“Rolling Stone has aged gracefully, like tripping so hard over your own legs down a flight of stairs that you rev up into a drill-speed spin and you actually screw your way through the floor you land on into the basement. This floor-screwing has been going on for thirty-six years. I’m glad they really don’t understand the lyric they quote here; their writers are actually that stupid. Meanwhile, WOO, Bruce Springsteen, another FIVE STAR record.”

First shot fired in the Chocolate War.


Who’s that on the sound-check?
Yes that’s the band doing their own mike fiddling and keyboard plugging-in unceremoniously and to zero cheers. Eleanor could be a roadie, with her shaggy tough Patti Smith hair and jeans so tight she looks like a praying mantis. Matthew looks like himself, but even though he plays just about every instrument on every album they’ve ever made, his sister gets all the attention during performances and interviews. Well, at least, my attention. She seems like the kind of woman who rarely smiles but laughs deeply and without hesitation at total nonsense, say, a cat in a sailor costume. In other words, Deadly Poison. The drummer and bass player came out and they began.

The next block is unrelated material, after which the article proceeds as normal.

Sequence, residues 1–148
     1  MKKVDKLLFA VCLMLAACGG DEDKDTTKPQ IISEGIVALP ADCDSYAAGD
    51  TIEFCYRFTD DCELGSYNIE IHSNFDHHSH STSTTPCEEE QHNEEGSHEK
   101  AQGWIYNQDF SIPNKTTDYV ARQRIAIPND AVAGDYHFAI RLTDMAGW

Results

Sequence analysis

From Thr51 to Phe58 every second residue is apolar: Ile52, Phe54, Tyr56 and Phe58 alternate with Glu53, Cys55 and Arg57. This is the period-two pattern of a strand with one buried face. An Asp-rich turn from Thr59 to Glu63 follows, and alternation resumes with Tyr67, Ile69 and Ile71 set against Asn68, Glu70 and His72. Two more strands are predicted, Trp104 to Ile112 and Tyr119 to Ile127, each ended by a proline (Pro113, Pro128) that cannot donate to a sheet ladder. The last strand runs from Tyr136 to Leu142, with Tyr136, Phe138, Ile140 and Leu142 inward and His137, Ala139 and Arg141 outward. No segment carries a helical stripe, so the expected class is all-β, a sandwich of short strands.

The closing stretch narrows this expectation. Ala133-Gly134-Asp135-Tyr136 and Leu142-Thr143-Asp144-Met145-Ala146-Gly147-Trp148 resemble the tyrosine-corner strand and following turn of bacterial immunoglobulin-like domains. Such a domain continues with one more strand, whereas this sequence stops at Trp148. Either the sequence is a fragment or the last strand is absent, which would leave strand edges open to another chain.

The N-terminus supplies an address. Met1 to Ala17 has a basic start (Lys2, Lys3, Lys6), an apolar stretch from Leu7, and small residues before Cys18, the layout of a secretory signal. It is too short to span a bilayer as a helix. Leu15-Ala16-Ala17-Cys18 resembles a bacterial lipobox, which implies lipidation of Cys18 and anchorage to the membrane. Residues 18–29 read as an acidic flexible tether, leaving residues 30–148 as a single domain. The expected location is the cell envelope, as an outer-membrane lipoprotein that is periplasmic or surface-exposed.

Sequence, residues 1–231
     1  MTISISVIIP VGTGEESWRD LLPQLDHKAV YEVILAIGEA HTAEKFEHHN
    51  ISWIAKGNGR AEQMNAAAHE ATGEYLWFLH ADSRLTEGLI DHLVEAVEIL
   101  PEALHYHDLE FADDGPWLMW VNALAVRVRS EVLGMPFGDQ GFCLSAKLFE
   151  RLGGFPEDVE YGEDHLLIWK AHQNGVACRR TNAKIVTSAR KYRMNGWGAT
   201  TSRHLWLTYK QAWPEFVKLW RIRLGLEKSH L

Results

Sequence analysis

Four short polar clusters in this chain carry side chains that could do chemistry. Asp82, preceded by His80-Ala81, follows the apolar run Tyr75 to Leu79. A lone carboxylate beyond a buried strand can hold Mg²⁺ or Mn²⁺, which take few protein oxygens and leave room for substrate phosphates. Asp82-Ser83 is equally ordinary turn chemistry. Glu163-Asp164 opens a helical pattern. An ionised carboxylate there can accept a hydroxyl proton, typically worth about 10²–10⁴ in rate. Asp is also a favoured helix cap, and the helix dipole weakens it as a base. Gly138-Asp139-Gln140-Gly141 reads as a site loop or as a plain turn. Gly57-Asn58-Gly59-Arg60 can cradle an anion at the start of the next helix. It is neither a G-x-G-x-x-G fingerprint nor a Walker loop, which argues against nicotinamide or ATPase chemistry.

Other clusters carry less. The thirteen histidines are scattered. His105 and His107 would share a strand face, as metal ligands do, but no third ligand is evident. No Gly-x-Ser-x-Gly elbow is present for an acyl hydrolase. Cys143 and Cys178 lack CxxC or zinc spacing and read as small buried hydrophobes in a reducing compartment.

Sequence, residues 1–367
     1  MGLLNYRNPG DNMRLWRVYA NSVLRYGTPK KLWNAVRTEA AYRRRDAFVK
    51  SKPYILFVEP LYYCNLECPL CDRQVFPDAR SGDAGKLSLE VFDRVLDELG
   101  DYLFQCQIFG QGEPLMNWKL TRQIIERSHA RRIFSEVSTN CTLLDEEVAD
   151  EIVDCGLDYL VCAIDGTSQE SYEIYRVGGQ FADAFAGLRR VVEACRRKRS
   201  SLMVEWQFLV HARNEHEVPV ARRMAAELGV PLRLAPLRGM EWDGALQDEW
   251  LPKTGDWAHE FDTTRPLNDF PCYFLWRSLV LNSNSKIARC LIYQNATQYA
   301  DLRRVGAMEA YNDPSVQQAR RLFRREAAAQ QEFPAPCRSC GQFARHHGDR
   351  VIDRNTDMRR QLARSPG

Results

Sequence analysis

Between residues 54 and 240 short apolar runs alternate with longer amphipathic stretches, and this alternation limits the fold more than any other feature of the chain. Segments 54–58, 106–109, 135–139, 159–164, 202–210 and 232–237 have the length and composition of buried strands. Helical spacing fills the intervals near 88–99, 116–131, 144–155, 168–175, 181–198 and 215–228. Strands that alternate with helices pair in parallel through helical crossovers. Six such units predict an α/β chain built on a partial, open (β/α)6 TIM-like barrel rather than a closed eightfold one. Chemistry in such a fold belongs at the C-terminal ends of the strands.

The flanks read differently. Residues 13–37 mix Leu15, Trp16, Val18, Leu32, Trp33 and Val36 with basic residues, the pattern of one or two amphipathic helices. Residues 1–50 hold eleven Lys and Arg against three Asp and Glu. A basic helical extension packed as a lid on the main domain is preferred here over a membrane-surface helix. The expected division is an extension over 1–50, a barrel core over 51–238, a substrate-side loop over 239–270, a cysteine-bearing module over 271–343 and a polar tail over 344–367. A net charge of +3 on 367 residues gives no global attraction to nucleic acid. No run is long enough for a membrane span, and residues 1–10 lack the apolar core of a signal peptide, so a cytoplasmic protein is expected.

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A step apart…